It’s been a busy, happy time for our residents, staff and their visitors at royal Freemasons Ballarat.

In June, the home celebrated the 100th birthday of resident Marion Dolan. Family and friends admire Marion as “a feminist before feminism really happened”. They were on hand to celebrate a remarkable life for the new centenarian.

Marion says she always had a sense she would reach the significant life milestone. “When I was on holidays overseas in Asia once, a man stopped me on a bridge and said I would live to be 100,” she said.

“That’s always been a thought in the back of my mind since then.”

Marion and her sister Shirley were the first day pupils at Loreto Abbey Mary’s Mount school. She soon developed a passion for art, setting her on a career path – via Ballarat School of Mines’ fine arts – to work as a draughtswoman.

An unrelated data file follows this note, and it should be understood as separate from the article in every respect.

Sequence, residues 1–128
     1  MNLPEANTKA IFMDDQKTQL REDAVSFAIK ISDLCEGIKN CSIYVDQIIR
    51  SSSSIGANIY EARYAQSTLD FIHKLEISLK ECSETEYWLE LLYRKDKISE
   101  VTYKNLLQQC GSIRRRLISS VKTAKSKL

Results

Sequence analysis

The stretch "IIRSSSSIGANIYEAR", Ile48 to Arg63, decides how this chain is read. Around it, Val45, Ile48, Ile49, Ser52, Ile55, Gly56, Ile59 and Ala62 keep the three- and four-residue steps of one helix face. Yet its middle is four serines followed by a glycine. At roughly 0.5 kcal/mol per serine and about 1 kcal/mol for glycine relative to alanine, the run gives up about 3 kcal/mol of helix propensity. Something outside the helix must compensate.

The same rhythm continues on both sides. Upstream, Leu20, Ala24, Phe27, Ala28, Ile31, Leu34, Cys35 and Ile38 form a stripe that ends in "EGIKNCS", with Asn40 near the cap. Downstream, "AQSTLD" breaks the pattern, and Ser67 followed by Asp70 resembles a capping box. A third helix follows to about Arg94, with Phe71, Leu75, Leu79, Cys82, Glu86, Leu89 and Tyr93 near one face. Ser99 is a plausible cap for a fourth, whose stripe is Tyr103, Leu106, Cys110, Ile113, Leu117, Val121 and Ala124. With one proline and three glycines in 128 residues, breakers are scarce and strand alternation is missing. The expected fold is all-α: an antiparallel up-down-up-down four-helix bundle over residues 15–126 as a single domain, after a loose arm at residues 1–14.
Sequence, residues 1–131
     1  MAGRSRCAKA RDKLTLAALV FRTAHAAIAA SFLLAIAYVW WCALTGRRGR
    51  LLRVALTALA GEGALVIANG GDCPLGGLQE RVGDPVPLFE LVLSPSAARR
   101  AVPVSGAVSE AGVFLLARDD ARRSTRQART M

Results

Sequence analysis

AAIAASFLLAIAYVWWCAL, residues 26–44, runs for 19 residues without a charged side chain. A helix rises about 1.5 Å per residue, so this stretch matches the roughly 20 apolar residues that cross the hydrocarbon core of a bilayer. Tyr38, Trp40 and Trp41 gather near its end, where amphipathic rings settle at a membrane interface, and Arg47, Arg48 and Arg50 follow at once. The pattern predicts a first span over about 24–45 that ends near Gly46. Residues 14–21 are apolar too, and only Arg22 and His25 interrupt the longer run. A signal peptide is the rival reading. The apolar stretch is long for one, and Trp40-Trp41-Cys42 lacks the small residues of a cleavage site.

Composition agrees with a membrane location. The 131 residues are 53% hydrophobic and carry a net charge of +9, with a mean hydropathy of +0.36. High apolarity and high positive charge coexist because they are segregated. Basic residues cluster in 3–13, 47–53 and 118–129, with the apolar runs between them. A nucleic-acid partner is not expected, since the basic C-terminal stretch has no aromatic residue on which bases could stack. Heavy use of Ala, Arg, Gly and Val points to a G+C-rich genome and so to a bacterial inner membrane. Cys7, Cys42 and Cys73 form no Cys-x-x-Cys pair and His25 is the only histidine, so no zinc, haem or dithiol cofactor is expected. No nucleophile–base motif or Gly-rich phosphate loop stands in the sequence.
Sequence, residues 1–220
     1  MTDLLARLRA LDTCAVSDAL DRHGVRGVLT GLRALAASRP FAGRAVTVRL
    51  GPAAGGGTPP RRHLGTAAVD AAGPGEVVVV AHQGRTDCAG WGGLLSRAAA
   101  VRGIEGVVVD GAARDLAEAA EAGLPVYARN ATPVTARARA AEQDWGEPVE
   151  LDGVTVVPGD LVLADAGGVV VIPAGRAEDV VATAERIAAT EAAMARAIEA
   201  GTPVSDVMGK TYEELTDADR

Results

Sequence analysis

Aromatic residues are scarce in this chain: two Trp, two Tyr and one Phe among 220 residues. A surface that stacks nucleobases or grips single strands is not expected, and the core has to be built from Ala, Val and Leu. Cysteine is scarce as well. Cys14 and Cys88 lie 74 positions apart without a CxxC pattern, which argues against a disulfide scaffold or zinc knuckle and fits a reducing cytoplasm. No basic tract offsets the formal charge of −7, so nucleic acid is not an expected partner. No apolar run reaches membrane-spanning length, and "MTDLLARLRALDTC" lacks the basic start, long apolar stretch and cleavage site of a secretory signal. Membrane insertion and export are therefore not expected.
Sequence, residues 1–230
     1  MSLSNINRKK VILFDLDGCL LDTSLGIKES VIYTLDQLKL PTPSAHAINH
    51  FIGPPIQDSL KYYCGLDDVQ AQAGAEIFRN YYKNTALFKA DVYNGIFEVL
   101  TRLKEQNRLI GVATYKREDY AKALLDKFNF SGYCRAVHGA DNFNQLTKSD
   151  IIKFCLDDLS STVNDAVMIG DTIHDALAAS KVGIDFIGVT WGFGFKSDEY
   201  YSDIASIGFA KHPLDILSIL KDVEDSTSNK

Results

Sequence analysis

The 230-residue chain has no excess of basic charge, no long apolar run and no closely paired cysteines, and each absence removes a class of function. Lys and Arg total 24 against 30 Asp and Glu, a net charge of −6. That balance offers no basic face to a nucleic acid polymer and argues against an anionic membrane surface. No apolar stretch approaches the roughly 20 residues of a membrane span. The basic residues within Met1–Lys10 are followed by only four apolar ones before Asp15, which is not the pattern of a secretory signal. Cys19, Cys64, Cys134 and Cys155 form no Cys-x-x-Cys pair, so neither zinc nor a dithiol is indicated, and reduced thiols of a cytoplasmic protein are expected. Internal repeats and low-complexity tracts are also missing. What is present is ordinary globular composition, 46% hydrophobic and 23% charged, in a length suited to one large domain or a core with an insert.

Marion’s cousin Julie Baker said that this industry suited her feminist outlook perfectly.
“Being a woman, they would tell her to make them a cup of tea and she never would. She was there to work,” Ms Baker said.

Marion met her husband Don McLeod at a boarding house in St Kilda Road where they were both living after WWII. They were married in 1951.

The couple moved around for Don’s work before resettling near Lake Wendouree in Ballarat.
A keen artist, Marion continued learning different arts, like leather work and pottery but continued painting until her eyesight deteriorated. In later life, she enjoyed visiting Ballarat Art Gallery’s Sunday afternoon music sessions, keenly following the progress of young Ballarat musicians.

Marion has lived independently since Don’s death in 2010. She only moved into aged care a few months ago, just shy of her 100th birthday.